School Age Programs and Services Committee

Fostering Racial Literacy with Children’s Literature

Author photo: Dr. Grace EnriquezAuthor photo: Dr. Detra Price-DennisDr. Grace Enriquez is a Professor of Language and Literacy at Lesley University in Cambridge, MA. A former English Language Arts teacher and literacy staff developer, she bridges her work with teachers and students with ethnographic and critical research in high-needs urban populations to examine their responses to literacy instruction in school contexts. Dr. Detra Price-Dennis is a Professor of Teaching and Learning in the Department of Teaching and Learning and the Director for Digital Education and Innovation for the College of Education and Human Ecology at The Ohio State University. The authors are the creators of a webinar for ALSC, Fostering Racial Literacy with Children’s Literature, that is available on demand https://elearning.ala.org/local/catalog/view/product.php?productid=400.

The social construction of race in the United States is deeply rooted in our lives and reflected in our K-12 programs, policies, curriculum, and instructional practices. As more challenges are levied at books that reflect the lives and experiences of racially, culturally, and linguistically diverse students, we propose racial literacy as a framework to guide critical conversations in response.

What is Racial Literacy?

Racial literacy is a skill and practice in which individuals inquire about the construction of race and its intersection with social systems and institutions.1 Children exhibit racial literacy with the ability to “identify, in professionally published and student-generated texts, concepts related to race and racism, and exercise their skills in discussing the complexity of these topics.”2 The goal, then, is for individuals to adopt an anti-racist stance and work toward social equity.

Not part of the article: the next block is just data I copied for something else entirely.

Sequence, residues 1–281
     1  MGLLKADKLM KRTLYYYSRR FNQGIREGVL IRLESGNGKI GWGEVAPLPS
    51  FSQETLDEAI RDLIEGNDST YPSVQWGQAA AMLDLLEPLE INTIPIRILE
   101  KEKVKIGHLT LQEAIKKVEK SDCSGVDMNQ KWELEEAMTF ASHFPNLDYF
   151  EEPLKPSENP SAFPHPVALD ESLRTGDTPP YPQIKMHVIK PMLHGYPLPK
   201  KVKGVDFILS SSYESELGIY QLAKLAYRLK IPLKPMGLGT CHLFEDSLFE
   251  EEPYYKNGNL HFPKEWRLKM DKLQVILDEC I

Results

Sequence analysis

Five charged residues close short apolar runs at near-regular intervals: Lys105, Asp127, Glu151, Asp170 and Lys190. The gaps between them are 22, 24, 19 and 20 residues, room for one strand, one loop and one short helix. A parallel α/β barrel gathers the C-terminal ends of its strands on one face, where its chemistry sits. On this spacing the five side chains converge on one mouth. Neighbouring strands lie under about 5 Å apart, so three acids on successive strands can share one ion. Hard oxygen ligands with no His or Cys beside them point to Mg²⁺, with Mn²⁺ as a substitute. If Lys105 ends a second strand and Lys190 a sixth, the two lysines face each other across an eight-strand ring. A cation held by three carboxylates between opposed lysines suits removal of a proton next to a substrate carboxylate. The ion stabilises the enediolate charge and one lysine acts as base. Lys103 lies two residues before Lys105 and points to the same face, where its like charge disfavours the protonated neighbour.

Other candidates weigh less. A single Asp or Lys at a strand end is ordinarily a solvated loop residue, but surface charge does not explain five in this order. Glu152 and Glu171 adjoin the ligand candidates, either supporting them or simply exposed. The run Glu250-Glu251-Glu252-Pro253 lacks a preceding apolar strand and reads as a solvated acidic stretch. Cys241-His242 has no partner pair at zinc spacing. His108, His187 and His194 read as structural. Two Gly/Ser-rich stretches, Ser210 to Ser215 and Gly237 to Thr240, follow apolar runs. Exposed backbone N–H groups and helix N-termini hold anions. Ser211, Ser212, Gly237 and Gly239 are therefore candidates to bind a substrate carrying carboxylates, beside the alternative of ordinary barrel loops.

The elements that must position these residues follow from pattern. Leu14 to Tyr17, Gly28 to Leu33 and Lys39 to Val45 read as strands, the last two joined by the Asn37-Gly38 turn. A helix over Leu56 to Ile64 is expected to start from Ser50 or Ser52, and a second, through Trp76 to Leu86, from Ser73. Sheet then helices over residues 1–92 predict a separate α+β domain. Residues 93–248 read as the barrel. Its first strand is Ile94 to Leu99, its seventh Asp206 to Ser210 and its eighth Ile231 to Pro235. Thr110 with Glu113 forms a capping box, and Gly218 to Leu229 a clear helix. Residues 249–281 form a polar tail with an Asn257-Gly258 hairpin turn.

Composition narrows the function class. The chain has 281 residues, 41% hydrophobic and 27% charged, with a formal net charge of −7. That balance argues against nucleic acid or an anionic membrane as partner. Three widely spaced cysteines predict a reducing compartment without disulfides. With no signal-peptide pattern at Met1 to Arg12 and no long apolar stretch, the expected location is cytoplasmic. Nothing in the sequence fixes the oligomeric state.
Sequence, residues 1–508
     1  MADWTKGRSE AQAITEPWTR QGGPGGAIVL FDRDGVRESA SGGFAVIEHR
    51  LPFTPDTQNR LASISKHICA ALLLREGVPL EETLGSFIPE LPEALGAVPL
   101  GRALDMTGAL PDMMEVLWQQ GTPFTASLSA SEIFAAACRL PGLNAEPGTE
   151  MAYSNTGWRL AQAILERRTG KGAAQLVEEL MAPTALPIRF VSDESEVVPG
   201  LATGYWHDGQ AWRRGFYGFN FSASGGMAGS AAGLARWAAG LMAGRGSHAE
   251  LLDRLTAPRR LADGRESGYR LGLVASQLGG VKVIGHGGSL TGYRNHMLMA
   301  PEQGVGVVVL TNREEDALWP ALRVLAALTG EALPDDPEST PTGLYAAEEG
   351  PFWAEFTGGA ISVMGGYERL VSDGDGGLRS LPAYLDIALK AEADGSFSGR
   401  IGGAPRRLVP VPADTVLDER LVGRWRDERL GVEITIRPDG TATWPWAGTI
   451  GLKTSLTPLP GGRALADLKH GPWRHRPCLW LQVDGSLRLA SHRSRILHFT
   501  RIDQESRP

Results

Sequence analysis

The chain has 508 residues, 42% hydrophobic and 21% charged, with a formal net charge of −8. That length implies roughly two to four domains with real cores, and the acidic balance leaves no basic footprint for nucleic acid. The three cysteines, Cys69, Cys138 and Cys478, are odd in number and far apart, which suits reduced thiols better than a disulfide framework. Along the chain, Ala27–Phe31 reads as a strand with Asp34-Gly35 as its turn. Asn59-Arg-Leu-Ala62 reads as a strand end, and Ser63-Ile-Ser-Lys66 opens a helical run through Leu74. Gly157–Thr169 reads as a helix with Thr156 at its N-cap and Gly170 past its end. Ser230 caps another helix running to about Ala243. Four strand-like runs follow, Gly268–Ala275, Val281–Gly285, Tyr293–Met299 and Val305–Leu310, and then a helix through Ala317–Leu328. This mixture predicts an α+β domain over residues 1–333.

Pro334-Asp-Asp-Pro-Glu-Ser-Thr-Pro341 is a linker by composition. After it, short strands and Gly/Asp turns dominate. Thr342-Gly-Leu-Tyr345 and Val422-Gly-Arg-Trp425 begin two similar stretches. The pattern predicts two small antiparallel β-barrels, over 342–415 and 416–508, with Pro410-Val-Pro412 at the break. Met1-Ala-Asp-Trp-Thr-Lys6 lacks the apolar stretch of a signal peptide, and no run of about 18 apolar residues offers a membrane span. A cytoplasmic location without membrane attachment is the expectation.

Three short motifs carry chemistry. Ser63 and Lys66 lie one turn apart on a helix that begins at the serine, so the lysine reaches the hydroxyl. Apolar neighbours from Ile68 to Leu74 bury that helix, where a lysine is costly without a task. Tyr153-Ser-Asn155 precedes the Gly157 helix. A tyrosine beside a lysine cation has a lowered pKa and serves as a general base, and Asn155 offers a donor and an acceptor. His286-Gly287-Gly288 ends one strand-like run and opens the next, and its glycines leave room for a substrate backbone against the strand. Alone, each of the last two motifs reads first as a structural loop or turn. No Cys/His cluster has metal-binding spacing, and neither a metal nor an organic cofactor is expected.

Sealey-Ruiz3 identifies six components of racial literacy: critical love, critical humility, critical reflection, historical literacy, archaeology of self, and interruption.

These components work in tandem with the following three tenets of racial literacy: question assumptions, engage in critical conversations, and practice reflexivity.

These concepts are united around a deep commitment to decolonizing K-12 literacy instruction to create a foundation for equitable and humanizing learning. Thus, if librarians and educators develop instructional strategies with literature that reflect these ideas, then racial literacy among K-12 children will increase and position everyone to identify, disrupt, and work towards dismantling racist ideologies that circulate in their communities and cause harm in our society.

Why Focus on Racial Literacy with Children’s Literature?

Libraries across the country are facing unprecedented political and censorship challenges that seek to curb the availability of books and programs on race (among other markers of identity).4 Public schools are also being subjected to pending legislation that seek to limit how race can be taught in K-12 classrooms. Policy groups and grassroots organizers have circulated talking points and manifestos about critical race theory, culturally responsive education, equity education, social emotional learning, diversity, equity, and inclusion programs, and LGBTQ+ rights. The common denominator across these topics is the need for librarians and educators to design programs and curriculum and engage in instructional strategies that not only meet the educational needs of their students, but also generate the capacity for them to build critical thinking about power, equity, and justice as civic-minded citizens in our country.

Despite partisan rhetoric circulating to ban discussions about race, there is no denying that race and racism are indelible aspects of all children’s lives. Developing racial literacy enables children to inquire into the existence and effects of race, other social constructs, and the institutionalized systems that harness those constructs to affect their lived experiences and representations in US society.5 Children’s literature facilitates racial literacy development in multiple ways, fostering children’s abilities to read not just the words on a page, but also the world in which those pages were created and now exist. In doing so, they learn how to question assumptions, perceive the sociocultural contexts around them, and advocate for social equity and change.